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We call ourselves a venture accelerator and sometimes refer to ourselves as a specialized accelerator. We’re very close to calling ourselves a specialized venture capital firm. Our model is different than others using similar nomenclature, and there are two reasons why:
This post is focused on the in-house talent issue.
Our team has expanded and our deal flow is different than it was 12 months ago. We’ve been pulled beyond the early stages of technology investing into growth capital opportunities and private equity plays. We’ll end up seeing close to 200 deals this year. I regret we haven’t been able to grow our talent base quickly enough to participate in more of these deals than we’ll be able to.
And, that’s something I’ve learned. I believe the ‘talent recipe’ is the key to accelerators and incubators today – and will be a key to venture capital firms of tomorrow. Here is an example. One of the things I increasingly hear is that our methodology of talent acquisition and deployment provides a much different advantage than a ‘mentor network.’ Two friends of mine in Austin are part of 3+ mentor networks associated with other incubators / accelerators – on top of their full time jobs. When I ask them, they tell me they spend minimal time at most in these programs working with the companies.
The point of this isn’t to criticize mentor networks. I believe there are quality acceleration programs built using mentor networks. However, given that we want to build the ability to deeply influence our portfolio companies and provide long-term tranformational impact, a mentor network didn’t seem to be the right talent recipe. The questions we asked ourselves were:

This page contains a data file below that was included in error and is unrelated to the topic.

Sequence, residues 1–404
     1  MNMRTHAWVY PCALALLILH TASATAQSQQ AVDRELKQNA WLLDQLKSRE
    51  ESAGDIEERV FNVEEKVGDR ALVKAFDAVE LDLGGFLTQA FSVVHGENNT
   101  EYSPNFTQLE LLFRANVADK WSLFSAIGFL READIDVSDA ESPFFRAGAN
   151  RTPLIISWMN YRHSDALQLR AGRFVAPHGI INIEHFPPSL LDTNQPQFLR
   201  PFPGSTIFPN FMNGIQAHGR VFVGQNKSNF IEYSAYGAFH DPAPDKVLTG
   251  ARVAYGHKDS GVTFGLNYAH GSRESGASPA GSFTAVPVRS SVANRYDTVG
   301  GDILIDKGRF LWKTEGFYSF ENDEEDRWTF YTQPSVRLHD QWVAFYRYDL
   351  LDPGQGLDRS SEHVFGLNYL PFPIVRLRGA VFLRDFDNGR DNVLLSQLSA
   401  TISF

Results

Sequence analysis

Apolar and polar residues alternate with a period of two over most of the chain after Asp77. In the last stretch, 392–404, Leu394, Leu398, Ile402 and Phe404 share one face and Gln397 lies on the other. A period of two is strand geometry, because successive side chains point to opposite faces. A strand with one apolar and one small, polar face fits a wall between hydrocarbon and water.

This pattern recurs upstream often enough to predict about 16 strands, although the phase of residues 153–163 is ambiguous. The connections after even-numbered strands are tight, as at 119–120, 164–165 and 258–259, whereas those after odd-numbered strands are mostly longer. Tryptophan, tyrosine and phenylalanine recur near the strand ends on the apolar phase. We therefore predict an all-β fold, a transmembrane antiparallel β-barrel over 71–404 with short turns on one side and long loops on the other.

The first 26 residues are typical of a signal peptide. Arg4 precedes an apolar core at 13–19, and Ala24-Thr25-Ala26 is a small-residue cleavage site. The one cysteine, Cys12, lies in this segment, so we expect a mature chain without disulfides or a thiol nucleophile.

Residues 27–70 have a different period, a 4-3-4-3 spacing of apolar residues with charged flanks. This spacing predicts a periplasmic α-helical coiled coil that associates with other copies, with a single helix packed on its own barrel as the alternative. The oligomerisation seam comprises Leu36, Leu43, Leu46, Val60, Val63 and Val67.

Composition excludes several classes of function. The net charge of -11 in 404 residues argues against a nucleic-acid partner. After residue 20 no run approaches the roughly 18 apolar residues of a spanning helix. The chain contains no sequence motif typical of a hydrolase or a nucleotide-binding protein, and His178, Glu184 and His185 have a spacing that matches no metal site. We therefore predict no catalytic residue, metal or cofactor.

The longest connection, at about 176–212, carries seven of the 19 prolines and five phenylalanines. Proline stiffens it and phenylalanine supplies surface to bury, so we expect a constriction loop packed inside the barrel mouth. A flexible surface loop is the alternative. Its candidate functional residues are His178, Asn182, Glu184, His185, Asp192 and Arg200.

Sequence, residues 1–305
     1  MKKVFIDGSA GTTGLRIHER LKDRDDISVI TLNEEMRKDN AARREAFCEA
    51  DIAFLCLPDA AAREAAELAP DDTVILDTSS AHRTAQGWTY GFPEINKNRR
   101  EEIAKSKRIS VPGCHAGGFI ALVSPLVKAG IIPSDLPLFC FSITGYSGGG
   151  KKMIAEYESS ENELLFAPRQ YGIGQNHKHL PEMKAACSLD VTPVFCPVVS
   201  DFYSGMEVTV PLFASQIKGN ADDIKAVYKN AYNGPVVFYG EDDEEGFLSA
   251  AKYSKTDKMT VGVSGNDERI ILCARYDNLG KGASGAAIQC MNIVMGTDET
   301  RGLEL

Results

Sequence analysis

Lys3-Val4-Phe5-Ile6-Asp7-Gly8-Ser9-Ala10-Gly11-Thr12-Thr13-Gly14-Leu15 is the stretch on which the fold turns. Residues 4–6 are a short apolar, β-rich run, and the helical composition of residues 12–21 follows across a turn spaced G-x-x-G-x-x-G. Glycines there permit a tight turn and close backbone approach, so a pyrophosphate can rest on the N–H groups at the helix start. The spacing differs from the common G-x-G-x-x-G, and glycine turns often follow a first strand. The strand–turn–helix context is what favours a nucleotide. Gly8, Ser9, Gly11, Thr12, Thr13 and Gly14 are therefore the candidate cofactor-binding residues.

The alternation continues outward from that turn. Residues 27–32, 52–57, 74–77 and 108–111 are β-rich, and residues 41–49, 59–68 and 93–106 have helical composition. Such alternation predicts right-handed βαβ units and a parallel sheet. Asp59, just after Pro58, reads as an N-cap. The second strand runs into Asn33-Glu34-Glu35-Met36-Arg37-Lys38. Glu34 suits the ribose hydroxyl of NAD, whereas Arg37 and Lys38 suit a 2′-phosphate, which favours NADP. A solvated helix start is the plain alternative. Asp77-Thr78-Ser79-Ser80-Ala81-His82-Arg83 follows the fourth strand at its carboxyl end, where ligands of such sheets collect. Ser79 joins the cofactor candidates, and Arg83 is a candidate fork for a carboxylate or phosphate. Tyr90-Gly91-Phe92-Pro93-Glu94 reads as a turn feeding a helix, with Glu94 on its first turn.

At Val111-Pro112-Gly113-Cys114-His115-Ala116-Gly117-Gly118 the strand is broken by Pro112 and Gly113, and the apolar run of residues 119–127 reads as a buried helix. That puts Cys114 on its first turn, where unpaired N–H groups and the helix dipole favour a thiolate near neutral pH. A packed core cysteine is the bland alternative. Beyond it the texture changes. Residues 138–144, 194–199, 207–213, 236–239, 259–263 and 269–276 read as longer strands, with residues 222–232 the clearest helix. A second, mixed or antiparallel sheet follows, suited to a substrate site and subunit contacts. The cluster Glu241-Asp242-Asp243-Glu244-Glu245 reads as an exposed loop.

We never found good answers to these questions, so we never built one.
Our talent recipe is to build a focused, multi-disciplinary team of experienced, high-end domain experts in design, customer acquisition, technology and market-alignment. This allows us to invest in identifying target outcomes the same way an investment bank or private equity firm would. Then we focus on how to get there in an ongoing series of 90-120 day initiatives. Executing these cross-disciplinary strategies has meant innovating the notion of what it means to build a business. We’ve reconceived our brand creation, product design, MVP definition and customer acquisition processes to arm our team with the ability to create winning outcomes for our customers while transitioning as much of our institutional knowledge as possible.
Building and balancing our talent recipe is very hard. However, our customers and capital partners place tremendous value in our talent recipe and believe it’s the critical thing we offer that other investment programs and firms don’t. The growth of the companies in our portfolio validates this.
I see evidence with Andreessen Horowitz and Google Ventures that some of the largest, most successful VC firms are embracing the idea of infusing their programs with in-house talent. Some of the more notable accelerators continue to innovate here as well, like 500 Startups and this post earlier this week by Christine Tsai.
I believe accelerators, incubators and venture capital firms need to push the envelope and conceive of and operationalize their own talent recipes. I like the fact that we’re ahead of the curve here.